Under the leadership of Kofi Annan, she also served as an Under Secretary General and Special Representative for Children and Armed Conflict from 2006 to 2012. “So I remember my first day, and I was thinking “This must be a really interesting moment.” I was surrounded with only two women, and the rest was men. Not all white, but many significantly so,” she recalls, a moment of particular salience of how her own identity as a South Asian woman who also belonged to a minority ethnic group fit into this global human rights apparatus. 

The fieldwork was her favourite part of her time at the United Nations. She engaged in rigorous fact-finding and story-telling with the impetus to shed light on the diverse experiences of women and children living in landscapes of violence while also ducking the occasional warplane. An ardent feminist who, in her own words, is “wedded to the idea of intersectionality and the diversity in women’s experiences,” she opines that these missions only strengthened her conviction that these differences need to be problematised to achieve sustainable equality and justice for women everywhere. 

Dr. Coomaraswamy is happiest in a small group of people discussing important ideas. The comfort and solidarity felt in discussions with like-minded people as daylight morphed into the quiet night, she says, remains to be where she did a lot of her learning. When she founded the International Centre for Ethnic Studies in 1982 with such a group, including the late Dr. Neelan Tiruchelvam, this solidarity, and comfort in the service of important ideas are what they emulated. The organisation originated as a space for seeking out solutions to the ongoing ethnic conflict.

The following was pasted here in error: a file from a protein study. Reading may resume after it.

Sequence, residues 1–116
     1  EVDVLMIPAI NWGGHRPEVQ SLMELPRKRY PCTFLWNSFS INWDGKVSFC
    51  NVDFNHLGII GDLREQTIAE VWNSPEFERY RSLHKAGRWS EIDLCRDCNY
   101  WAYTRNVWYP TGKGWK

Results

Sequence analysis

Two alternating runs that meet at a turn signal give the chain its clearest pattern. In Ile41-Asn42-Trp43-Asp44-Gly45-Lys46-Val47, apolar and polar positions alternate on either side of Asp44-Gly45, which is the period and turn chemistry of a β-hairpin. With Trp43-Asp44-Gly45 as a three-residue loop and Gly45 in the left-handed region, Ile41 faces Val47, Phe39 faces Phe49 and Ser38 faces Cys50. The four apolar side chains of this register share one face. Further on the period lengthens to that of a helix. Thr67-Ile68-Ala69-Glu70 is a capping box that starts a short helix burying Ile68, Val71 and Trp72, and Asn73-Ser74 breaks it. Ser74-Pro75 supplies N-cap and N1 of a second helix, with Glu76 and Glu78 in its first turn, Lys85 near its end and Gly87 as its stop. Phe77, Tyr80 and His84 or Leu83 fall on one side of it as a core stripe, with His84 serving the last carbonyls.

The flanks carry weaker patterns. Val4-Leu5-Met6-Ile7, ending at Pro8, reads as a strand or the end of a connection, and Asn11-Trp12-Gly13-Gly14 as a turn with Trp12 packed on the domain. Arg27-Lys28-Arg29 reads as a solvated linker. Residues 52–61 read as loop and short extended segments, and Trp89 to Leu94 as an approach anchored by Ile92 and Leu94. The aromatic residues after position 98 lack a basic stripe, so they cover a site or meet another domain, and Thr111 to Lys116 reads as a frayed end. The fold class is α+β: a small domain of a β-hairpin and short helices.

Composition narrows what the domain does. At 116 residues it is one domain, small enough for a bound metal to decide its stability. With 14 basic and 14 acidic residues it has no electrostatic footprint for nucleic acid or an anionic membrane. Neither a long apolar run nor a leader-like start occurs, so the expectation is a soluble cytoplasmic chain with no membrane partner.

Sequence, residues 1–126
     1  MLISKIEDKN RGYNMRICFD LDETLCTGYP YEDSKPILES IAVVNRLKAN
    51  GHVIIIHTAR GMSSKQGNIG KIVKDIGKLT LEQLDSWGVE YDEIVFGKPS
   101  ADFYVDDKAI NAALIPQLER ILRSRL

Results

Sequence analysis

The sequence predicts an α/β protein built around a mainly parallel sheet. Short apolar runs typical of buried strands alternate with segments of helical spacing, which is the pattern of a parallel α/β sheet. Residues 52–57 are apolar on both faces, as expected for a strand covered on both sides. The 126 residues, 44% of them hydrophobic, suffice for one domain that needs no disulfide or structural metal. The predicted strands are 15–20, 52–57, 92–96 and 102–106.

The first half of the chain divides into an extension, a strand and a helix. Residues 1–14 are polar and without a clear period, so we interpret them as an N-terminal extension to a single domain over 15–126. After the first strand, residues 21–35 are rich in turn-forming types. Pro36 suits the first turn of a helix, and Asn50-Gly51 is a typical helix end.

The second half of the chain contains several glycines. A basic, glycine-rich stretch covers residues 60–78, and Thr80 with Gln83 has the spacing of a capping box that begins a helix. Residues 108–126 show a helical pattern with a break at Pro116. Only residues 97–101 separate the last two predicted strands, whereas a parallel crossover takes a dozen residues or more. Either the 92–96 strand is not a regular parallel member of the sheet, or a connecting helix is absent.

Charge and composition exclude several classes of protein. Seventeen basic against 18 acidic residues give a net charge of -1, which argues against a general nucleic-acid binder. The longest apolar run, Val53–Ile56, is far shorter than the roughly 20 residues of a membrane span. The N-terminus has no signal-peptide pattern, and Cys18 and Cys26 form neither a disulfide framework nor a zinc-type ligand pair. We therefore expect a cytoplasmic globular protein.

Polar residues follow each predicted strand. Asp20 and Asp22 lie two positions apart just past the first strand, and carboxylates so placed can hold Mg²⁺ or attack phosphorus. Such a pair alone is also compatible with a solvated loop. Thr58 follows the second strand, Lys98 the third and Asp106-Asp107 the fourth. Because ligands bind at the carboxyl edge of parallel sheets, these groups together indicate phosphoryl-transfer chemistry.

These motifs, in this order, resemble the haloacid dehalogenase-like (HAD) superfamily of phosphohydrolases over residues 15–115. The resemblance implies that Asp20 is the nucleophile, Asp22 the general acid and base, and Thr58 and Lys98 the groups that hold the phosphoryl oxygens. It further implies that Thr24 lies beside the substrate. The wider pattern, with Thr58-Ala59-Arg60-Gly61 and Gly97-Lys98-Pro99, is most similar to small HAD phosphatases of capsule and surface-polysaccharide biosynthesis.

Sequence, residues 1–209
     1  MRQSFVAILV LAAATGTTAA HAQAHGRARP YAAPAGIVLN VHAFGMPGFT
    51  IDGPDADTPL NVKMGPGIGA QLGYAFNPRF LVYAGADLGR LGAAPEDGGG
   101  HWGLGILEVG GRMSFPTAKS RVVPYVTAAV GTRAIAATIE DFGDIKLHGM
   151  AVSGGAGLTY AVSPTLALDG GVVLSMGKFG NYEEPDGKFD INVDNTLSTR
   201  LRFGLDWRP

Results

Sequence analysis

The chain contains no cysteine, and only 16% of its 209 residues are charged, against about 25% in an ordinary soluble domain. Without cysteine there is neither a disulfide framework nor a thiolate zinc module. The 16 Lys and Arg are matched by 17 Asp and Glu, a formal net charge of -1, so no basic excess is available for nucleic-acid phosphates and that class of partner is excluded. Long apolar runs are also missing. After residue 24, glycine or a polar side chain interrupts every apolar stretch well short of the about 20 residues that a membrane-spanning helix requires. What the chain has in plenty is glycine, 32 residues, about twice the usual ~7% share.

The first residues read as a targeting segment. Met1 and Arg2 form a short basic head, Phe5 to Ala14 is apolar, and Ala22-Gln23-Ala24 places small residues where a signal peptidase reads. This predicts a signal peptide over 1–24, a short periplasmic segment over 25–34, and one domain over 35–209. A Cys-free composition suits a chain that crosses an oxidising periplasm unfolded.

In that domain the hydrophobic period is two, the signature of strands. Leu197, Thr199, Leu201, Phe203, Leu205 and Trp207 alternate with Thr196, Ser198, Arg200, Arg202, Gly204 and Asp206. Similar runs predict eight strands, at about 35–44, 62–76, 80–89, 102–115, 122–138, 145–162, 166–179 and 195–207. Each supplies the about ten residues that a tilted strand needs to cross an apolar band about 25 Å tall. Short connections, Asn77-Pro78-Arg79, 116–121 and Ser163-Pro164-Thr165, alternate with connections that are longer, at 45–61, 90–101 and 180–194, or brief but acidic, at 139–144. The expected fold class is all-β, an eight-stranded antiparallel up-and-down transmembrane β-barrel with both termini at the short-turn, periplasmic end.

Equally importantly, it was also a community with an incorruptible collective empathy – lawyers, anthropologists, historians, and scholars, drawing from very different vocations and walks of life, fulfilling a commitment to promoting peaceful coexistence. Recalling her work at ICES with her late friend Dr. Tiruchelvam, she states how it isn’t just about having an idea but also the dialectic to choose which idea would best apply in the service of equal protection of human rights. To Dr. Coomaraswamy, solidarity is pockets of people continuing meaningful conversations, friends with a strong sense of collective empathy traveling uphill towards equality while supporting each other on the way there. 

To this day, Dr. Coomaraswamy remains steadfast that change can happen if enough people realise the power of empathy and solidarity. She fears fascism in all forms, everywhere, and is hopeful of the power of young people, their steadily growing human rights consciousness, and their fearlessness against the systems that oppress. 

Joan Baez’s We Shall Overcome, a song from her youth that coincided with a time when the global discourse on human rights was taking shape, remains a distinct memory and as what she feels is a timeless message of encouragement. The message, she says, is, “That there’s hope. It’s a song for today, for Sri Lanka, that we should overcome. It’s not that we will conquer, we will kill, we will defeat, but that we should overcome. There’s an obstacle, and we will overcome it together. And at the end of it, we will be home.”

(The interview was conducted by Sharanya Sekaram and Shreedha Horagoda. Sharanya is the co-founder of Everystory Sri Lanka and Shreedha was an intern at Everystory Sri Lanka. The writer Saritha is a freelance writer and researcher, interested in feminism, queer liberation, and memory politics. Currently, she works as a social media analyst at Hashtag Generation, specialising in mapping trends in cyber sexual and gender-based violence on Sri Lankan social media.)